Excellent performance by Paul Michael. I could see each character. It took a real worldwide concern and made it a centerpiece.
I listened to a couple of chapters each time I went for my daily 5 miles walk.
The overly melodramatic material, particularly the beginning. Also, although I love plot twists and this one certainly had some, they seemed contrived and bit unnerving. i.e., I did not say, "how clever and interesting," but "why did Dan Brown feel like he needed to do that and not very well - they did not transition well.
The most - The art, history, and symbolism that Dan Brown does so well, in particular the background on Dante. The least - The chase sequence became very long and tedious needlessly.
Unquestionably Michael Langdon - very complex and interesting and knowledgeable.
Yes, I think so.
I will definitely read Inferno again, as the captivating story is so full of historical and art history data that I want to listen to it again, to memorize it better. It's awesome to get some education from the book too, even tho it is fiction.
Of course Robert Langdon, whose opinions and character get more clear with each book. I did find the other characters a bit flat tho, but I imagine it is because of many information that needed to be interpreted in the book. Still have a feeling this could have been done a bit better.
It made me think about the overpopulation of Earth and it strengthened my position on people having many kids.
Retired USN Chief Petty Officer, now a classroom technologist in Library and Information Services in a small midwest liberal arts college.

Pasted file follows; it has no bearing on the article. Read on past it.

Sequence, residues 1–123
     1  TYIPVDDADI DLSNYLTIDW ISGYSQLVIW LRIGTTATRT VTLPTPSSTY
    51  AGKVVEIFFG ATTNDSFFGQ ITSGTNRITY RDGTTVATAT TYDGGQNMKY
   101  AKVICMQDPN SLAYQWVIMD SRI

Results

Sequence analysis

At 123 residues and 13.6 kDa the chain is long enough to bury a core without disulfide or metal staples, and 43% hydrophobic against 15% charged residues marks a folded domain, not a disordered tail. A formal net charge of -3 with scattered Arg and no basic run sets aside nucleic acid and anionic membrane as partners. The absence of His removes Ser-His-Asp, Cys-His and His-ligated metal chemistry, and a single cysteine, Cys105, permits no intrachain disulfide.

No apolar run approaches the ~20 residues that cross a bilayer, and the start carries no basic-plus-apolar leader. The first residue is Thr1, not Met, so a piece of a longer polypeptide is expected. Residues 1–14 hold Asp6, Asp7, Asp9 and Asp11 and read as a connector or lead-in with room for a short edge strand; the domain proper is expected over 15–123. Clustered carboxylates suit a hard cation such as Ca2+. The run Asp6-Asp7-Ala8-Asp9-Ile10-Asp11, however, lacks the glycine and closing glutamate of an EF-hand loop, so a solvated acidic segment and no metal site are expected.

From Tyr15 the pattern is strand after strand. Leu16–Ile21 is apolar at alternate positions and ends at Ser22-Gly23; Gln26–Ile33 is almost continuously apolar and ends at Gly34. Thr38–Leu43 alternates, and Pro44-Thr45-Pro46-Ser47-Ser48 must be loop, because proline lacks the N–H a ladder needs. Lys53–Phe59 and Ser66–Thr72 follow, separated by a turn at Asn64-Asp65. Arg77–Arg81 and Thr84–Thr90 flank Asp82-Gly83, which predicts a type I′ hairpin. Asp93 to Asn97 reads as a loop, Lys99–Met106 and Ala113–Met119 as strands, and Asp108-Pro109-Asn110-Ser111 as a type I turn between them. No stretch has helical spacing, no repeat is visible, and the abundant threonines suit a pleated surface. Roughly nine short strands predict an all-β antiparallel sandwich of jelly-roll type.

I'd recommend this book to a Dan Brown fan. Like his other books, Brown relies heavily on the formula of the tweed-clad professor who seems to be the only person on earth who can solve a mystery.
Element two of Brown's formula is the drop-dead-gorgeous girl whom the hero encounters -- and who is the only person on the face of the planet capable of aiding our professor.
Element three is a liberal dose of coincidence, found in all of Brown's books.
If you are looking for stark realism, find another author, maybe Steinbeck. If you want an enjoyable read, Dan Brown's your guy!
Robert Langdon, our hero, performs admirably once again.
Paul Michael is a pro in all his audio book endeavors.
This book, while totally enjoyable, is too long to listen to in one sitting.
The most disappointing aspect of this entire book was that it was obviously written with the intention of it becoming a movie. It was thinly written. Many scenes seemed more like parts of a scripts than a story. It took me MONTHS to finish this relatively short book. I had no desire to listen to it because the characters where not interesting and when I did listen I would fall asleep within minutes. This was a total waste of a credit. The movie comes out next year, it will probably be better than the book; and I've never been able to say that about a movie before. I wish I could give it zero stars.
I rate this book 3 stars out of 5. I wouldn't recommend it highly. The formula here is: repeat the same phrases over and over and over to build tension. Unfortunately, instead of tension it makes you want to hit "fast forward".